Just as a child will willfully accept the naive and basic truth in a fairy tale, most of us will search for wines deeply buried within their simplicity. Then we have a sip. When we begin to think about that sip we delve deeper into the story and the mythology of the wine. This is where things begin to get complicated.
Maybe we invent comparative mythologies from tales and into wine just to play with the unconscious expressions of ourselves, or perhaps we just need to have some fun. Wine is not our yesteryear’s religion, nor is it something, once consumed, that can be held onto. It is fleeting and ever-changing. It is conceivable to think that wine drinkers of past eras were more childlike and held wine in more fairy-tale like hands. Today we act as though modern wines speak religiously, as if they each belong to one sect or another. Strange, but true.
On Saturday VINTAGES will roll out another lengthy tale of new releases, with a major focus on Italian reds. Like the analysis of the most famous of fairy tales, meaning is derived, not unlike an assessment of Italians and their wines, imagined as a desperate need to rule their own kingdom. The ferric, mineral and tannic nature of the group require that their rage be danced away with time, to re-gain control of their beauty and their lives.
For more recommendations from the VINTAGES February 7th, 2015 release:
Related – Is writing making a mess of wine
Here are the winter snow whites and seven Italian reds to look for, in stores now.
Resta Salice Salentino 2011, Doc Puglia, Italy (324731, $15.95, WineAlign)
Negroamaro (80 per cent) and Malvasia Nero combine for a mess of tar, composted earth, density in chewy dates, figs and ground funk drawn from dark, dank places. A Salice suspended, after the bruise of fermentation, like a charcoal tracing, like shadow with just an osculant of faint light. A cheesy note hangs, of a salinity out of cultures and wet vats. This may not be everyman’s cup of spume, peat and sedge, with its rough tannin too, but its value lies in complexity and value under $16. Tasted January 2015 @winesofpuglia @puglia
Mocali Morellino Di Scansano 2012, Docg Tuscany, Italy (317115, $16.95, WineAlign)
Morellino that is briery, earthy and with a soaked, cedar chip overlay on dark fruit. Brambly, purple pitchy and almost but not quite flamboyant. Slow as geology seeping, tile weeping, liqueur steeping then turning gritty with drying tannins. Good persistence and a bitter finish. Good value. Tasted January 2015 @InfoMorellino @liffordwine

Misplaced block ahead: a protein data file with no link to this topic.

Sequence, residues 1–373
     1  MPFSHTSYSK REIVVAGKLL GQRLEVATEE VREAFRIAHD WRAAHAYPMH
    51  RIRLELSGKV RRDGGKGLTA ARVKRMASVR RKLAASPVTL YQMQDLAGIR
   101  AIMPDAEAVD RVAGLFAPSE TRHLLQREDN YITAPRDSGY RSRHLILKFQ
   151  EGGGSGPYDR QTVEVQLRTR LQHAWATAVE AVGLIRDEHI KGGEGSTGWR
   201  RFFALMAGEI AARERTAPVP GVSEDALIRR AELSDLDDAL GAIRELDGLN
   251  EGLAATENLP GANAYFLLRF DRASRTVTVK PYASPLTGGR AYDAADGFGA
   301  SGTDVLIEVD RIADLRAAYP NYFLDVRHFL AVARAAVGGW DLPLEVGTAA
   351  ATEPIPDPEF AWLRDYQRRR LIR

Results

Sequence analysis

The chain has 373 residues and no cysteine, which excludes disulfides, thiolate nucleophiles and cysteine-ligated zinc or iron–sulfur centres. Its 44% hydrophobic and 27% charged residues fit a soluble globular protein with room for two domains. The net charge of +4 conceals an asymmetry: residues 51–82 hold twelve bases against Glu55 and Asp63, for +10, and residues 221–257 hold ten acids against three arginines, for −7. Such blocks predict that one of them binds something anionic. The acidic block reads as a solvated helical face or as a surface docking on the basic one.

Poulet Et Fils Brut Crémant De Die, Rhône, France (392555, $17.95, WineAlign)
The unique sparklers from the Die, made from (mostly) Clairette are somewhat of a rarity in Ontario waters. The bitter pith nose, ranging tangy palate and slightly oxidative style is a bit touchy but the length is nearly exceptional for the Euro. In the realm of Crémants, this Rhône dips pear slices past cracker nasturtium pods bobbing in a bowl of beneficial bitters. With a Mediterranean climate and altitude-influenced elemental aroma as if burnished pewter, the bird is anything but fowl. The case is made for these bubbles. Tasted January 2015 @VINSRHONE @WineandFood_RA @TheCaseForWine
Rustenberg Shiraz 2011, Wo Stellenbosch, South Africa (399246, $19.95, WineAlign)
As per the Stellenbosch Shiraz stratagem, this may lean to sweetness but it’s all about rich, ripe fruit running wild and free. Savoury support comes from green tea, smoking branches and fulminating esters. Neither heavy nor burning, the ’11 is warm, clean and highly accessible. Impressive density and at 14.5 degrees alcohol, really quite soft, unwavering in its ability to suppress the demands of the octane push. Drink in the near term. Tasted January 2015 @RustenbergWines @StellWineRoute
Coyote’s Run Red Paw Vineyard Pinot Noir 2012, VQA Four Mile Creek, Niagara Peninsula, Ontario (79228, $24.95, WineAlign)
This is an intense and vexing vintage for the Red Paw, a Pinot Noir of delicacy in constant search for the right dancing partner. In 2012 the soil seems to have been magnetized with a gravity of ferric density, causing juicy and spontaneous fits of revelry and a painting of the Paw red. Cherries, stones and figs are in, along with ether, earth and peat. The longevity quotient comes into question as the tenure already seems quite evolved but in its current state it is quite fun to drink. Tasted January 2015 @coyotesrun
Simonsig Chenin Avec Chêne Chenin Blanc 2012, Wo Stellenbosch, South Africa (282772, $25.95, WineAlign)
This barrel-aged Chenin Blanc is toasty, reductive and stratified, scaling heights few whites reach for, to seek other worldly atmospheres. I don’t find anything remotely tropical about it, on the contrary, it’s way out of the equatorial zone and into the upper reaches of the ozone. This has the Loire imprint of longing and distance. It will need time to come back down to earth, what with its hyper fruit meet mineral nuances. When it does it will walk through rain forests and dry flood plains with those extreme noisome notes in tow, to settle amongst the stones by the river. For some, this will be a rare find. Tasted January 2015 @Simonsig_Estate @WOSACanada @WoSA_USA @StellWineRoute
Domaine De Saint Pierre Sancerre 2013, Loire Valley, France (170258, $26.95, WineAlign)